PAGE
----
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The Journal of investigative dermatology


Persistent and impaired inflammation impedes tissue healing and is characteristic of chronic wounds. A better understanding of the mechanisms controlling wound inflammation is needed. Here we show that in human wound-edge keratinocytes, the expression of miR-17, miR-18a, miR-19a, miR-19b, and miR-20a, which all belong to the miR-17∼92 cluster, is upregulated during wound repair. However, their levels are lower in chronic ulcers than acute wounds at the proliferative phase. Conditional knockout of miR-17∼92 in keratinocytes as well as injection of miR-19a/b and miR-20a antisense inhibitors into wound-edges enhanced inflammation and delayed wound closure in mice. In contrast, conditional overexpression of the miR-17∼92 cluster or miR-19b alone in mice keratinocytes accelerated wound closure in vivo. Mechanistically, miR-19a/b and miR-20a decreased TLR3-mediated NF-κB activation by targeting SHCBP1 and SEMA7A, respectively, reducing the production of inflammatory chemokines/cytokines by keratinocytes. Thus, as crucial regulators of wound inflammation, lack of miR-19a/b and miR-20a may contribute to sustained inflammation and impaired healing in chronic wounds. In line with this, we show that a combinatory treatment with miR-19b and miR-20a improved wound healing in a mouse model of type 2 diabetes.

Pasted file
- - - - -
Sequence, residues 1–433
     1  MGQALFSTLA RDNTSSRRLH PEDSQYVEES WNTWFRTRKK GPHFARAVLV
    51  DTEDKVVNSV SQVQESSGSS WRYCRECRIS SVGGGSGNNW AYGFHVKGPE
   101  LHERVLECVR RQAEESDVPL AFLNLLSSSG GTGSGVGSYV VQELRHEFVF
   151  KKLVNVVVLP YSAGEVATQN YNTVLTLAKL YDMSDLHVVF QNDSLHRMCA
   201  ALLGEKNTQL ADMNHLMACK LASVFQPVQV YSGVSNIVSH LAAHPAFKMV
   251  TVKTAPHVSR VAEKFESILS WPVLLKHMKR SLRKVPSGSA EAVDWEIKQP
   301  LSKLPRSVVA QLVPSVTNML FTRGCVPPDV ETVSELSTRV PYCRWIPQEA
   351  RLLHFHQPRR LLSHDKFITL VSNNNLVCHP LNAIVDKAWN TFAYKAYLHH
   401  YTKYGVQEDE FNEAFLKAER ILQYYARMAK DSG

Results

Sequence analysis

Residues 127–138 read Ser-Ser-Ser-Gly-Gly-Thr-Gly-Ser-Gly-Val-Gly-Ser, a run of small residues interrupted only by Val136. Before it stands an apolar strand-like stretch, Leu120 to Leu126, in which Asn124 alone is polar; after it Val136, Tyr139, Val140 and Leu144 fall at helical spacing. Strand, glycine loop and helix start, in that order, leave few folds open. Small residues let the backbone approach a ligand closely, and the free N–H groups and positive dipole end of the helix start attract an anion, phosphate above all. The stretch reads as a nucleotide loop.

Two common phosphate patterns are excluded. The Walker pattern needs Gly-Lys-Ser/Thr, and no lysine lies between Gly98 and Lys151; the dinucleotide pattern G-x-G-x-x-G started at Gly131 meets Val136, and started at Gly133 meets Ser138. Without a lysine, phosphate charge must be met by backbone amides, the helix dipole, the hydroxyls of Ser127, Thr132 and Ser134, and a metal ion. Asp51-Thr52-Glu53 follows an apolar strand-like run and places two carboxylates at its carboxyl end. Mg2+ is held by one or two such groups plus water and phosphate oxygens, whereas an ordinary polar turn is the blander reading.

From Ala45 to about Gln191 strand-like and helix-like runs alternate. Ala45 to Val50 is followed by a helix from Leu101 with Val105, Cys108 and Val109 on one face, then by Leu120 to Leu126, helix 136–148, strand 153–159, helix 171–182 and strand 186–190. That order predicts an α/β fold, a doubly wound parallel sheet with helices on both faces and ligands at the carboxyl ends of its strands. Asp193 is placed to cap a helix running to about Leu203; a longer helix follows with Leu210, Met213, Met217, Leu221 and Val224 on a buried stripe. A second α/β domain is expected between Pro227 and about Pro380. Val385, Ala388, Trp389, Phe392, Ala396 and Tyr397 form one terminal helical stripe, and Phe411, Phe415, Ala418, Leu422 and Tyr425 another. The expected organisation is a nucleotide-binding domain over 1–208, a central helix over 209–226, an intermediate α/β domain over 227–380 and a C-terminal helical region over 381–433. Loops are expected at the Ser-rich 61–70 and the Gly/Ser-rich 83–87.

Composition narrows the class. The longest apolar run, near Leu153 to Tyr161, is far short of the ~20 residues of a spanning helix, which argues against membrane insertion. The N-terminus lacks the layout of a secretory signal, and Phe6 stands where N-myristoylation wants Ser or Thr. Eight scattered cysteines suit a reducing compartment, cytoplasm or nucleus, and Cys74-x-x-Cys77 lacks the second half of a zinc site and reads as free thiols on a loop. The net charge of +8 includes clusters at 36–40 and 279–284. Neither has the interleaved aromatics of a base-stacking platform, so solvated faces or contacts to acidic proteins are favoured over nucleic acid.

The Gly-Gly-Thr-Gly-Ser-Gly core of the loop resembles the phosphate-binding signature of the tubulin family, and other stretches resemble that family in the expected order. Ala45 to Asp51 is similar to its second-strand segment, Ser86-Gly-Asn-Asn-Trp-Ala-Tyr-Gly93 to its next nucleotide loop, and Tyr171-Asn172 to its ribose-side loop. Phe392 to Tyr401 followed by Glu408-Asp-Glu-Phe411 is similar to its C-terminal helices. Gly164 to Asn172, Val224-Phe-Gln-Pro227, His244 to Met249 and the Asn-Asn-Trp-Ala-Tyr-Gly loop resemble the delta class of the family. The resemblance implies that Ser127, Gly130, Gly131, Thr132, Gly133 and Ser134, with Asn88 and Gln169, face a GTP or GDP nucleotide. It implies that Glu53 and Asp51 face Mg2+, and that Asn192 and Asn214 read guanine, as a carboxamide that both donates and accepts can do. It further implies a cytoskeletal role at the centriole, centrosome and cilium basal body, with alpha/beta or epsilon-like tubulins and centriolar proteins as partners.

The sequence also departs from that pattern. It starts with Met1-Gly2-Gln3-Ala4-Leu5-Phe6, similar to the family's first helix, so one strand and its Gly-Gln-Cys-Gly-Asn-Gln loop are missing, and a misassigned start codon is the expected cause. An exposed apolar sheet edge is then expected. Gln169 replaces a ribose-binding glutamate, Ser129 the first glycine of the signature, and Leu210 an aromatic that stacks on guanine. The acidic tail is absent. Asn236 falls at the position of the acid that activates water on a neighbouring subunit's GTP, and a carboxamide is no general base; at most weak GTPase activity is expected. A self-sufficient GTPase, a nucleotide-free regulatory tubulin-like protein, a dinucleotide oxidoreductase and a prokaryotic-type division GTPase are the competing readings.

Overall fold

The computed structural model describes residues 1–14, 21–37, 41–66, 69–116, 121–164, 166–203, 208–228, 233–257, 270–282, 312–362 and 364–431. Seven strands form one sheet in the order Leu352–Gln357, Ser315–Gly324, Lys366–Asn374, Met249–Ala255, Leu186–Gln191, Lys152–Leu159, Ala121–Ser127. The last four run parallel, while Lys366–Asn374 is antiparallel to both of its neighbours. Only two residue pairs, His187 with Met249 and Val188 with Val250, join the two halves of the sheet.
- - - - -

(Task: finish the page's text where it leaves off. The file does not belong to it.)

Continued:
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ePub ahead of print